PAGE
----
How afraid should I be of RBE? - Page 2 - AVS Forum
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post #31 of 37 Old 03-13-2013, 11:45 AM
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Quote:
Originally Posted by 42Plasmaman View Post

Just like being shown what macroblocking or banding is in PQ, you can easily point out RBE to someone and once they have seen it, like you said, it's hard to unsee it.
Once you see it, it's a matter of can you tolerate it enough where it's not bothersome.

I never knew what RBE until 3 years ago, thanks to this forum. smile.gif
Now I even notice it during presentations at work if the conditions are right and this is on still images.

So how does one lean see a rainbow? I know Captain Noah can sing a rainbow! (oops dating myself) but for the life of me, I have only seen them in the sky. I have been watching DLP projectors IN72, HC3000 and even a Dell 3400 for that past 5 years and can't seem to see them... even eating popcorn! Guess I need glasses.. wait I already wear glasses.. WHATS WRONG WITH ME!! biggrin.gif

Doug

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post #32 of 37 Old 03-13-2013, 11:51 AM
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I believe Temporal Chromatic Distortion (TCD) is a more accurate way of describing the “Rainbow Effect”. Let’s face it RBE sounds quite innocuous and even cute. The full colour images of DLP technology are created by strobing the three primary colours (red, green, and blue) on a DMD (digital micromirror device). The strobing occurs so quickly that the human eye should only see one image.

The outline distortion results from the lag in the strobed colours. Instead of seeing a solid object one sees an object and a trail outlining that object that consists of the red, blue and green. Although the effect is called the “rainbow effect” I have only seen the primary colours: red, blue and green. Lighter objects are silhouetted against darker objects.

All my viewing rooms have white walls and my LED projector TV is rated at a maximum of 300 lumens and 1000 contrast. I see the chromatic distortion. (I believe any mention of contrast should include the viewing environment because walls, carpeting, projector light leakage, and even clothing can dramatically reduced contrast.)

I chose LED DLP because I prefer the image quality of DLP over LCD. The colour saturation is much better. My Epson 720HC projectors produce excellent pictures but my concerns about bulb life makes it impossible to enjoy the picture.

As noted, I see the TCD/RBE on my 300 lumen 1000 contrast ratio projector. Thus, high brightness and contrast (Someone, please define “high”.) are NOT required to see the effect. There is a difference in LED and Halide TCD/RBE and that is the brightness of the effect but not the effect.

The fact that a faster strobe speed reduces the effect indicates that it is a temporal (time) based problem.

I have noticed that the outline distortion seems related to the warmth (closer to the 6500k temp) of the video image. For example, when I watched the Taken mini-series I was constantly distracted by the effect. The common factor was the autumn colours in many scenes. I then noticed that warm colours seem to produce the effect. I usually prefer a cooler (7000k temp or higher) picture so I am less distracted by the colour lag.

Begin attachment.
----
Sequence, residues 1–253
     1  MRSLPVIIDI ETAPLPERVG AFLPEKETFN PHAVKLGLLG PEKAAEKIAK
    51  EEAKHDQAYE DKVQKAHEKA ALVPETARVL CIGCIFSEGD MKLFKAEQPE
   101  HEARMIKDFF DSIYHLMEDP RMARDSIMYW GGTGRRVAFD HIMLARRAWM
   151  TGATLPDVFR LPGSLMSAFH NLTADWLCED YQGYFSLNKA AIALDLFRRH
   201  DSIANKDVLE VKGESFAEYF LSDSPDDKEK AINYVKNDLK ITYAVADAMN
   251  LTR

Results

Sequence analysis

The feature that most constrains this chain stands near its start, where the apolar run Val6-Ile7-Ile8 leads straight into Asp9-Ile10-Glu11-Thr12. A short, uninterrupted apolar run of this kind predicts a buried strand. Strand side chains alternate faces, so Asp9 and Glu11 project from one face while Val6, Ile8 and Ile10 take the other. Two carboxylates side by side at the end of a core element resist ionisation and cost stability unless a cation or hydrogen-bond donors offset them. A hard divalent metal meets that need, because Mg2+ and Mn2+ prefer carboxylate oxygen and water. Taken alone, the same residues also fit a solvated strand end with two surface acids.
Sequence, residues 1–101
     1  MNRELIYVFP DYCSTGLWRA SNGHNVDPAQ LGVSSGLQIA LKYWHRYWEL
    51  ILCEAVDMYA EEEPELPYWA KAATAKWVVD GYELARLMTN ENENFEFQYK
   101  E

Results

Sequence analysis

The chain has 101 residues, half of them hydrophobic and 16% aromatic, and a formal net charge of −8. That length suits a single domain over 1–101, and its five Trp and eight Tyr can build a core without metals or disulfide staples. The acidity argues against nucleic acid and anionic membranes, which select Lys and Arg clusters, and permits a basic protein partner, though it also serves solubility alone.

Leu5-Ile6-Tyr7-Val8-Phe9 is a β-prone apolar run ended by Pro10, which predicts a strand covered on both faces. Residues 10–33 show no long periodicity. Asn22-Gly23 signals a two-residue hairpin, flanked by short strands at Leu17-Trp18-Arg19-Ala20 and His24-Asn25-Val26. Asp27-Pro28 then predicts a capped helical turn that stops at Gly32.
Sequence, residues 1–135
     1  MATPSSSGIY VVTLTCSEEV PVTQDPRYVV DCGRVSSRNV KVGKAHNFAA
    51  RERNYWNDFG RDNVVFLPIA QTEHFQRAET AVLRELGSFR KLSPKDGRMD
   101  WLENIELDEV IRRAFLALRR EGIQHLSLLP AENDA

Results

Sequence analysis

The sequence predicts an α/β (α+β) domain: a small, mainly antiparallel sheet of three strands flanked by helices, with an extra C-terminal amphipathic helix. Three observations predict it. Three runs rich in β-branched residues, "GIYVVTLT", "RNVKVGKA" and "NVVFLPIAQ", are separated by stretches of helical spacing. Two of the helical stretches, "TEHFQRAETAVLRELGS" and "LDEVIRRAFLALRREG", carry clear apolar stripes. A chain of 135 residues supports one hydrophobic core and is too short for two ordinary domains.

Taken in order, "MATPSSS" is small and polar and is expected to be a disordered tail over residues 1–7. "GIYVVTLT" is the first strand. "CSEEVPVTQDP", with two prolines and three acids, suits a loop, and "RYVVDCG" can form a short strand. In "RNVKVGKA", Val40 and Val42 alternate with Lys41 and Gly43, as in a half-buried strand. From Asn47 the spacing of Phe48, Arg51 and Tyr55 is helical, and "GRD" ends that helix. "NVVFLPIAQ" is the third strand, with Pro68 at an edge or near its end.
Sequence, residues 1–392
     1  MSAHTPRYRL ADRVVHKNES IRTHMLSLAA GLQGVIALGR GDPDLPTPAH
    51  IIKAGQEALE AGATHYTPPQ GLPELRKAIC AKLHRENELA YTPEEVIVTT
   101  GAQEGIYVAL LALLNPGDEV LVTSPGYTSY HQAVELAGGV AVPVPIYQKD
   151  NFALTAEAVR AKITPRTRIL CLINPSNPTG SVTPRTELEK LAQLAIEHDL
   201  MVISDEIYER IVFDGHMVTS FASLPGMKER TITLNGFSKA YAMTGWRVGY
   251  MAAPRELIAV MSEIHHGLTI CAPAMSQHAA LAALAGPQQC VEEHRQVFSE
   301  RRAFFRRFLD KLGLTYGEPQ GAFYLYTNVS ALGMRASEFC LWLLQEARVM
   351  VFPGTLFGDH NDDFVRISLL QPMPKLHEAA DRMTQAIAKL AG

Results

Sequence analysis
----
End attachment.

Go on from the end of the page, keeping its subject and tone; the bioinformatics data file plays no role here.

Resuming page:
I must note that the absence of complaints does not provide enough information as to whether or not a person is going to have an unpleasant experience with TCD/RBE. Substantial numbers of people could have health problems with the colour strobing of single DLP technology and we would not know. If a person does not recognize a problem or the problem immediately goes away then is there a problem?

My standard for home entertainment is distraction. I am not seeking nor can I afford the latest state of the art technology. When I first watched DLP projectors I was tremendously impressed but watching the lagging images proved extremely annoying. When the strobe speeds increased then I was not as bothered.

I suspect that if you are light or colour sensitive (I believe gender and age affects colour and light sensitivity) then you might find the strobing distracting. I suggest a simple test: gently fan a white index card a few centimeters in front of a DLP projector that you are considering purchasing. I speculate that you will see the red, green and blue outlines. Rotate the card ninety degrees and try again. If you are greatly annoyed by the pulsing red, green and blue my speculation is that there is a movie or two that you will not enjoy on that projector. You will probably get eye fatigue but you should be able to enjoy a movie.

With the longer lamp life, I am looking into the newer generation of DLP 3D projectors. I have been reading the BenQ 1070 thread. I intend to follow the BenQ1080st thread and the Acer 6510 threads when they arrive. Although I am very sensitive to TCD/RBE, I suspect that the absence of complaints of a severe nature means that I will probably try a lamp based DLP projector for very casual movie viewing.

So to respond to your query: yes you should be concerned. But since you are considering DLP projectors and not DLP projector TVs (with longer viewing sessions) then I would just say carefully look for any hint that TCD/RBE maybe a problem with the projector in which you are interested and definitely preview (if possible) before buying.
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post #33 of 37 Old 03-14-2013, 12:20 PM
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I've found a simple solution for RBE problem (i have Optoma HD66). In front of lens of my projector I've put two circular polarizer filters (52mm). By rotating one of those, I can change brightness of picture. Picture is slightly dimmer, but without rainbow effect (at least I cannot see it anymore).
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post #34 of 37 Old 03-15-2013, 04:28 PM